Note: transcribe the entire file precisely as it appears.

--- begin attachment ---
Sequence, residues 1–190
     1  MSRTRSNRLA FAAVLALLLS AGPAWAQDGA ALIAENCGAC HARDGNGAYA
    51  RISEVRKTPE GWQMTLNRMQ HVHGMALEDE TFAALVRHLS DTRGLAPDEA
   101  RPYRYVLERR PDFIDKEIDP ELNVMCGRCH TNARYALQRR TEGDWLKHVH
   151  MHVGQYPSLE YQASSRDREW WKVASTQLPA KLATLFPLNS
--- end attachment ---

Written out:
Sequence, residues 1–190
     1  MSRTRSNRLA FAAVLALLLS AGPAWAQDGA ALIAENCGAC HARDGNGAYA
    51  RISEVRKTPE GWQMTLNRMQ HVHGMALEDE TFAALVRHLS DTRGLAPDEA
   101  RPYRYVLERR PDFIDKEIDP ELNVMCGRCH TNARYALQRR TEGDWLKHVH
   151  MHVGQYPSLE YQASSRDREW WKVASTQLPA KLATLFPLNS